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What will Syracuse fans actually be able to glean from Saturday’s spring game?

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It’s natural to look for takeaways. There will be some. They just won’t be over the top.

NCAA Football: Syracuse at Pittsburgh Charles LeClaire-USA TODAY Sports

Across the country, every school’s annual spring football game is pretty similar. It’s a scrimmage — which they’ve already had at least two of in the weeks prior — but this one’s open to the public. No coach wants to give away much in the way of scheme or personnel. It’s really just a fan hype event to move ticket sales for the upcoming season.

And yet, everyone (self included) will try to glean some takeaways from the thing.

Well, we’re here to tell you not to do that when the Syracuse Orange take the field at the Dome on Saturday. Or at least, don’t necessarily worry about the traditional numbers you’d try to attach to success. Stats won’t matter in this game. But some subtle execution elements will.

We’ve already told you the offensive and defensive players to keep an eye on. Now, here’s our list of items that will actually give you the satisfaction of formal “takeaways” when you exit the game:

NCAA Football: Syracuse at Notre Dame Rich Barnes-USA TODAY Sports

1. Team speed

If you missed Nate Mink’s Syracuse.com article yesterday, there are now 17 players running at least a 4.6-second 40-yard dash on the roster. That’s pretty impressive, and something you’ll be able to see in action on Saturday on both sides of the ball. Carl Jones got a lot of attention in that piece, and while he may not start at corner, he could carve out a nice niche as a special teams gunner. In any case, you’ll see a bit of how speedier guys like him can be difference-makers in various aspects of the game, even in a scrimmage like this.

2. Offensive line play

On the one hand, the defensive line knows the playbook and it’s going to be watered down considerably anyway. On the other, because there’s no quarterback contact, it’s debatable how much of a blitz there will really be, and obviously we don’t want any freak injuries to running backs, either. So the O-line — down a couple men without the injured Sam Heckel and Patrick Davis, plus grad transfer Ryan Alexander who hasn’t arrived yet — will be fielding a unit that isn’t exactly the one we’ll see this fall.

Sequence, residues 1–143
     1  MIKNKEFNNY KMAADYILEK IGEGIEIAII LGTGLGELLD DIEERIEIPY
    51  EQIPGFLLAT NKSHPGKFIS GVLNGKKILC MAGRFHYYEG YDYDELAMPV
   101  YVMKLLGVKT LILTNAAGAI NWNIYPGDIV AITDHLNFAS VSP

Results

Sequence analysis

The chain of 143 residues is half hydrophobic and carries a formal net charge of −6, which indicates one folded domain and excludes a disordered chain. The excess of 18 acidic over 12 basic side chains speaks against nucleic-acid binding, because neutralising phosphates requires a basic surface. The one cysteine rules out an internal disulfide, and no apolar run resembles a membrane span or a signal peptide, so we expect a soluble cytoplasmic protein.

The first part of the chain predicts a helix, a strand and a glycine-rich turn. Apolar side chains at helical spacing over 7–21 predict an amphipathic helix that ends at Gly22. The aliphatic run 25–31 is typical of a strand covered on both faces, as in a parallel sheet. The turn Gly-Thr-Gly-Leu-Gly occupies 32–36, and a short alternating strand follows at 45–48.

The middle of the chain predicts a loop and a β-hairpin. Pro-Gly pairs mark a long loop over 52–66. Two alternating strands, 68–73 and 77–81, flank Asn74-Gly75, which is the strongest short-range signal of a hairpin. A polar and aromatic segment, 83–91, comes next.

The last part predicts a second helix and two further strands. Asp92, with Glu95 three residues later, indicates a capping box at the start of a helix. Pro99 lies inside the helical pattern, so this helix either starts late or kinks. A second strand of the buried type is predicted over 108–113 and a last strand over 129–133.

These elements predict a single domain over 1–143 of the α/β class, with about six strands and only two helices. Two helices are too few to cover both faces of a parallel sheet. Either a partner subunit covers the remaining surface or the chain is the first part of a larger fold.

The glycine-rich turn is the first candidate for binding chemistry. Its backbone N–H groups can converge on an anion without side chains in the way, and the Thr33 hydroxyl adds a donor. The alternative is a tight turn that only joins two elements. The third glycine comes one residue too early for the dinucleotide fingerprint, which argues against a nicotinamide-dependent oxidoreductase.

Still, there are just simple opportunities to see blocking technique and strength in the trenches, and look at how the group can block for the run game without Chris Elmore, who underwent surgery this week. If they’re overwhelmed a lot, that could tell us there’s a little more of an uphill battle than we thought (even when accounting for how good this defensive line is).

3. Quarterback arm strength, accuracy

Saturday’s passing game will be made of simple routes, but we’re still likely to see the team air it out a bit more with Tommy DeVito under center than we did with Eric Dungey. DeVito was around a 50-percent passer last season and many of his completions were of the deeper variety. In the spring game, he’ll be putting his arm strength on display and also showing off what’s hopefully a strong rapport with the team’s returning receiver — plus some improved accuracy. He overthrew a bit last season, but was also tossed into a lot of pressing situations. That won’t be the case in Saturday’s scrimmage.

NCAA Football: North Carolina State at Syracuse Mark Konezny-USA TODAY Sports

4. Linebacker reads

Early last season, we saw what happens when the linebacker position has a learning curve, but later in the year, Ryan Guthrie and Kielan Whitner both played at impressive levels and were key parts of the Orange’s defensive resurgence. Syracuse replaces both players this year and doesn’t have a ton of experience to step in. It’s early, but the team’s current linebackers can show us how far along they are just by way of how they fill gaps, respond in pass coverage and come up to stop the run. If they aren’t doing it well when they know the playbook, there’s a lot more work to be done to be ready for the opener vs. Liberty.

5. Overall team strength

Similar to the speed part of the equation, strength is another aspect you can gauge in a scrimmage. We should have a lot of it in the trenches and I’m most curious to see the interior linemen (replacing Chris Slayton) and linebackers on this front, as well as the O-line. If we see guys on either side of the line easily overpowered, that’s a potential cause for concern. But it also could be a good sign that we’re once again making progress inside and becoming more competitive in that critical area of the field. Same goes for the linebackers, if they can fight off blockers and make some tackles in open space.

What are you watching out for at the game? And since it seems we’re not streaming it again, enjoy Saturday for the rest of us, if you happen to be attending.